Cable Technology Feature Article
TV Blackout of World Series Games Shows Broadcasters Have Upper Hand in Disputes
By Ed Silverstein, TMCnet Contributor
Millions of TV viewers living in the metropolitan New York area missed the first two games of the 2010 World Series because of a fee dispute between a television network and a cable company.
The conflict, according to The AP, underscores the point that recent TV blackouts and the lack of government intervention suggests that broadcasters have the upper hand over TV signal providers when it comes to negotiating fees.
Cablevision Systems (News - Alert) Corp., tested the limits of government intervention in October, with its many calls for the Federal Communications Commission to step in and force News Corp (News - Alert).'s Fox to keep providing its broadcast signal while it pressed for arbitration in the fee dispute, the AP said.
Fox refused and the FCC simply suggested entering mediation if both parties were willing to participate.
Without a deal, Fox blacked out its signals to three million Cablevision subscribers for 15 days, through two games of baseball's World Series. On Saturday, Cablevision finally accepted terms it said were "unfair" for the sake of its customers, the AP said.
The FCC (News - Alert) said that its hands were tied. “Under the present system, the FCC has very few tools with which to protect consumers' interests," FCC Chairman Julius Genachowski (News - Alert) said in a letter to Sen. John Kerry, D-Mass."Current law does not give the agency the tools necessary to prevent service disruptions."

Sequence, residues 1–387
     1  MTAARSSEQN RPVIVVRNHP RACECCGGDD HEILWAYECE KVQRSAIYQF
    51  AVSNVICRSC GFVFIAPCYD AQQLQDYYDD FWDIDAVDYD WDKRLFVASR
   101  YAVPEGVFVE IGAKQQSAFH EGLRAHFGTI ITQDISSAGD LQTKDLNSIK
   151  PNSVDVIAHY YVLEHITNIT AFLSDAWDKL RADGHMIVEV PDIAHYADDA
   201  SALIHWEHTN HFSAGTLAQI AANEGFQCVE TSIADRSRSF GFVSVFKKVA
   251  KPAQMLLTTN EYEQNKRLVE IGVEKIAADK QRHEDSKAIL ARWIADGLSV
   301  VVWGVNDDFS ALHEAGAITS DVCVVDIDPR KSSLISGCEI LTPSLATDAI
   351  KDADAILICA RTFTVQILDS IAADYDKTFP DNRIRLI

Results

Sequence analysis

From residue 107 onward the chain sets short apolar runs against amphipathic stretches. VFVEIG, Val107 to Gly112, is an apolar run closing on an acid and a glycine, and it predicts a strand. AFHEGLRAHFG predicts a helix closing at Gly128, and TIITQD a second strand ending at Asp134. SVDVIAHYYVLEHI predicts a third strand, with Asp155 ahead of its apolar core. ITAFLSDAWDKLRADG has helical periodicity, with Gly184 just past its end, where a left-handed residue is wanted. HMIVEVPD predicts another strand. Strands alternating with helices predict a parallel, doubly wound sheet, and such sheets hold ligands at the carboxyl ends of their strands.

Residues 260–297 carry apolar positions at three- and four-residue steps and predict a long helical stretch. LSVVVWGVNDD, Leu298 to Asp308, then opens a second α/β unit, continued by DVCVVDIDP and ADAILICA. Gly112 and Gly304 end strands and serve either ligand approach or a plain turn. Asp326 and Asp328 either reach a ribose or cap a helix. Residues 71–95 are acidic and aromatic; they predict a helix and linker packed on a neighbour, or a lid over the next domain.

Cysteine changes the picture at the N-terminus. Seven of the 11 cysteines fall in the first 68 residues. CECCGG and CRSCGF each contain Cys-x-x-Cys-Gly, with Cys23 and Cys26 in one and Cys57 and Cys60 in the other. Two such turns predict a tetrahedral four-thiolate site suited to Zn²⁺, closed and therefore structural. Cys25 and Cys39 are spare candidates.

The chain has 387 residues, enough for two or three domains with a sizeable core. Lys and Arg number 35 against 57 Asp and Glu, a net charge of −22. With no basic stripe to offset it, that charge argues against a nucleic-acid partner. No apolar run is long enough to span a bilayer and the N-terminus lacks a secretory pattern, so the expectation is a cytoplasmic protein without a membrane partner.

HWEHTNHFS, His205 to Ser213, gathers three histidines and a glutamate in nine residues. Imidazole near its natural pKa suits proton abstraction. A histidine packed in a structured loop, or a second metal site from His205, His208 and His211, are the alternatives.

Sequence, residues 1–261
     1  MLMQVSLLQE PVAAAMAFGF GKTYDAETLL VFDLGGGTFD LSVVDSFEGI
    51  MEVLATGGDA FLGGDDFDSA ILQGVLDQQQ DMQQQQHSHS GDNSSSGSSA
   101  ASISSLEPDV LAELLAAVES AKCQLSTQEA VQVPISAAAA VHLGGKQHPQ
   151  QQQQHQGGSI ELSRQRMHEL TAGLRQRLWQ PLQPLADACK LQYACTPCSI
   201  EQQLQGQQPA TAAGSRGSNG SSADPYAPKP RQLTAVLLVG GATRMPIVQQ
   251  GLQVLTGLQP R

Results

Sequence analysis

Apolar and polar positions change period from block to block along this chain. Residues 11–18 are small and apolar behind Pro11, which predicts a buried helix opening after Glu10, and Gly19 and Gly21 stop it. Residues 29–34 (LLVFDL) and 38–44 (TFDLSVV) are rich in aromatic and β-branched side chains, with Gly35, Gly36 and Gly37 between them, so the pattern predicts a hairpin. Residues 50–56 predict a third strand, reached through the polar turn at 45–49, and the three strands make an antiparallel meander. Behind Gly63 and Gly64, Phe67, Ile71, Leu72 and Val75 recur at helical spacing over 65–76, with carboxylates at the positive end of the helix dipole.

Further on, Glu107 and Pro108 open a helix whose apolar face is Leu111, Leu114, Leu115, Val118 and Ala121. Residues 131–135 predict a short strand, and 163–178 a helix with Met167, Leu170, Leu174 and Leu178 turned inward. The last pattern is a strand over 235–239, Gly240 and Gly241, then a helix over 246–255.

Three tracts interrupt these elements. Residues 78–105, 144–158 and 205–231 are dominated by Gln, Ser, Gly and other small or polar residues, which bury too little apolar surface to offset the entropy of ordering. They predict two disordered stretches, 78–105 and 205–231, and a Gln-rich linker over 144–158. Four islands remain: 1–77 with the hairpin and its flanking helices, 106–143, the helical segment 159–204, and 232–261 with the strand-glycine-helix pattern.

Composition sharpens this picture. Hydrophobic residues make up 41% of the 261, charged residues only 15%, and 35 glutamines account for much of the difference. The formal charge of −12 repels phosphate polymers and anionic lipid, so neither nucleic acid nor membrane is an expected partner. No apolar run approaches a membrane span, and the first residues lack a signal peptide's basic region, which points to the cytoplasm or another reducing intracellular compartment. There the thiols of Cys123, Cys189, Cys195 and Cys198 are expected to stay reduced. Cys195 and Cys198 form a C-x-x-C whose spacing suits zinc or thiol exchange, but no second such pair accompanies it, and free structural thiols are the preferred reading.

Fox said in a statement Sunday that "this entire dispute was solely about Cablevision's misguided efforts to effect regulatory change to their benefit.”
The AP explained that the relevant law is the Cable Television Consumer Protection and Competition Act of 1992. It allows broadcasters like Fox, ABC, CBS and NBC to choose between forcing a TV signal distributor like Cablevision to carry its local TV station, thus boosting its audience, or bargaining for the best rate it can for so-called "retransmission consent.”
The law heavily favors broadcasters in negotiations because they have the ability to black out signals, and subscribers are hard to win back if they switch TV signal providers, according to the AP.
The American Cable Association, a group of smaller cable operators representing 7.6 million subscribers, said the fight to change an 18-year-old law wasn't over and it said it remains within the FCC's powers to adopt regulations to prevent signal blackouts, the AP said.
Both Genachowski and Sen. Kerry have called for reforms of the current system.
Ed Silverstein is a TMCnet contributor. To read more of his articles, please visit his columnist page.
Edited by Tammy Wolf